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Kibbeh Bil Sanieh, also called Pizza Kibbeh for its appearance, is a spiced, bulgur-based vegetarian main course, a decadent dish enjoyed by the monks at Saint Anthony of Qozhaya in Lebanon on special occasions. This version is one of their favorites. It's one of Ana Sortun's favorites, too. Sortun, who learned how to make the recipe from the Lebanese monks, offers this advice: "The most important part is to knead the bulgur in the same fashion as though it were meat, until it holds together and becomes creamy—usually a minute, sometimes a bit more. You can use your hands or a KitchenAid with a paddle attachment. If you don't knead the bulgur enough, it will stay crumbly."
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Chef Ana Sortun tosses her superfast skillet-cooked brussels sprouts with sausage and a citrusy honey glaze. Slideshow:  More Quick Side Dishes 
At Oleana, Ana Sortun uses za'atar—a type of dried summer savory—instead of the fresh oregano she offers as a substitute here.Plus: More Appetizer Recipes and Tips
Tahini Remoulade
Rating: Unrated
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Ana Sortun likes to serve this tangy Middle Eastern twist on the classic French sauce with oily fish like bluefish. But the intense flavor of the tahini stands up equally well to charred lamb. More Middle Eastern Recipes
Chef Way Ana Sortun tops stuffed zucchini with a tangy sauce of feta, olive oil and Hungarian peppers (spicy wax chiles).Easy Way Top the roasted zucchini with a little feta, then broil briefly. More Delicious Shrimp Dishes
This recipe was inspired by the incredibly moist lentil patties called küfte that Ana Sortun first tried in Istanbul at Ferda Erdinc's vegetarian restaurant, Zencefil. The küfte here are fried, but they can also be served grilled, baked, or "raw." Terrific Green Salads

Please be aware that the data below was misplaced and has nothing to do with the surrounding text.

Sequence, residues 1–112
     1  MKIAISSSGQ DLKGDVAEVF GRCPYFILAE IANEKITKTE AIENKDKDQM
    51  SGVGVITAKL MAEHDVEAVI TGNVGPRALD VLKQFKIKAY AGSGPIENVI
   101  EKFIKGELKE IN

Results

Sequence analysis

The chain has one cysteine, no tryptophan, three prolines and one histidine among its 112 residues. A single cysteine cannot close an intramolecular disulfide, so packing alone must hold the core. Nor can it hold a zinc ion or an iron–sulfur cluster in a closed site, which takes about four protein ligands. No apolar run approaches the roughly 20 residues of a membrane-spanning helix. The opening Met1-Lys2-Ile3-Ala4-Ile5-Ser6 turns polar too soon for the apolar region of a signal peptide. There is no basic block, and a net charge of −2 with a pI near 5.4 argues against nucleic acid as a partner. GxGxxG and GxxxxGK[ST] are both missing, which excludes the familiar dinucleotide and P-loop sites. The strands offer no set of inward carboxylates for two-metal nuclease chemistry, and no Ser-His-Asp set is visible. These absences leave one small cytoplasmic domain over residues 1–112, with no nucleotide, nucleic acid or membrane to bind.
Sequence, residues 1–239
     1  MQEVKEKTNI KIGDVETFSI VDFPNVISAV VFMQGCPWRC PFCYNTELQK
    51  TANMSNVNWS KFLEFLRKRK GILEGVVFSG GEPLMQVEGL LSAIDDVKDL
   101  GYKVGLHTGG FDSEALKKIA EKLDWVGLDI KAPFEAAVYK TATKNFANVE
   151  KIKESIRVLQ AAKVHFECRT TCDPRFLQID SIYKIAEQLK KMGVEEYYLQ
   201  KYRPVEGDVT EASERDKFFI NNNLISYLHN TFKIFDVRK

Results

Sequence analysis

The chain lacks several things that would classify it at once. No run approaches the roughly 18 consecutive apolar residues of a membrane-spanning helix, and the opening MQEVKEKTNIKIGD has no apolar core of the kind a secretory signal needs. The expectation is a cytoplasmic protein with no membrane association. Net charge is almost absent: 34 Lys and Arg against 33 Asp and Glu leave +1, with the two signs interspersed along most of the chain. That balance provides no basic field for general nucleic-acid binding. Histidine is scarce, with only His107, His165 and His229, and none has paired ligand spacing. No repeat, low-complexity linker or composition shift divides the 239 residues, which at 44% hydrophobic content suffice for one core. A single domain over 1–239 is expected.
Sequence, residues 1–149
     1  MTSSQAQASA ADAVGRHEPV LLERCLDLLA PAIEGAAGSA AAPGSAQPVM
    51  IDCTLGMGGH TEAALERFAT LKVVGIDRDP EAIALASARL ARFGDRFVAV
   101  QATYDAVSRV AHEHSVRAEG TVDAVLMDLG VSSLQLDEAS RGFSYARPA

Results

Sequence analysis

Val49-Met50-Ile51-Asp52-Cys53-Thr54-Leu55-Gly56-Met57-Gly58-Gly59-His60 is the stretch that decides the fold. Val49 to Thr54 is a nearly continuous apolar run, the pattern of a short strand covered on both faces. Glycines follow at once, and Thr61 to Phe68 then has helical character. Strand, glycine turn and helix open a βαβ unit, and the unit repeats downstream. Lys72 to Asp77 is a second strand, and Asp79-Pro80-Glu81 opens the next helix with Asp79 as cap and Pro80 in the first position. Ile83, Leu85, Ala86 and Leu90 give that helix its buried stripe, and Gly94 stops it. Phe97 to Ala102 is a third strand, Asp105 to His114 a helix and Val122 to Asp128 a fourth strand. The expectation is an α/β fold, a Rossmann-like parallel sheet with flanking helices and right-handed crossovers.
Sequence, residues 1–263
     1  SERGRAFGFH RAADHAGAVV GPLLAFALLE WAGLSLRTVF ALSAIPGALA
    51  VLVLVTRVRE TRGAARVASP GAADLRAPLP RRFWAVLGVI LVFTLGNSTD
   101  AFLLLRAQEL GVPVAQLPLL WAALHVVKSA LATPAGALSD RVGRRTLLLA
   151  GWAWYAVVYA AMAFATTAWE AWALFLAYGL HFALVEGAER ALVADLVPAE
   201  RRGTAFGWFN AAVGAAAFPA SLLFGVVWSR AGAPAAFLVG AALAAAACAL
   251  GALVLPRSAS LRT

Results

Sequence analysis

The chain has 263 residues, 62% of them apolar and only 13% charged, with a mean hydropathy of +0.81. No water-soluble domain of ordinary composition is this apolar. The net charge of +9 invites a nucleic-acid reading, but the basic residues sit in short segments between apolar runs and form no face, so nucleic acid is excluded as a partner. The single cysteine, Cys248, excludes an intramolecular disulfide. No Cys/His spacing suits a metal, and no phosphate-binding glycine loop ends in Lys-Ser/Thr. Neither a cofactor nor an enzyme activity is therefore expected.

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Orange Aioli
Rating: Unrated
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 More Terrific Condiments
Chef Way Ana Sortun's pastry chef, Maura Kilpatrick, adds cinnamon and cocoa nibs to the syrup that soaks her chocolate baklava.Easy Way The baklava is fabulous even with a basic honey syrup; no need for cocoa nibs and cinnamon. Slideshow:  More Chocolate Desserts 
This recipe was inspired by the incredibly moist lentil patties called küfte that Ana Sortun first tried in Istanbul at Ferda Erdinc's vegetarian restaurant, Zencefil. The küfte here are fried, but they can also be served grilled, baked, or "raw." Terrific Green Salads
Orange Aioli
Rating: Unrated
New!
 More Terrific Condiments
Chef Way Ana Sortun's pastry chef, Maura Kilpatrick, adds cinnamon and cocoa nibs to the syrup that soaks her chocolate baklava.Easy Way The baklava is fabulous even with a basic honey syrup; no need for cocoa nibs and cinnamon. Slideshow:  More Chocolate Desserts 
Fideos (thin dried wheat noodles usually sold in coils) were introduced to Spain by the Moors and are used in Middle Eastern and Spanish dishes. Slideshow: Recipes with Chickpeas 
Ana Sortun learned this recipe from a friend in Armenia named Armen Mehrabyan, an exporter who supplies her restaurant Oleana with great teas and with spice blends for fish. You can mold the pâté in a terrine or bowl lined with plastic wrap if you prefer a different shape. Plus:  More Appetizer Recipes and Tips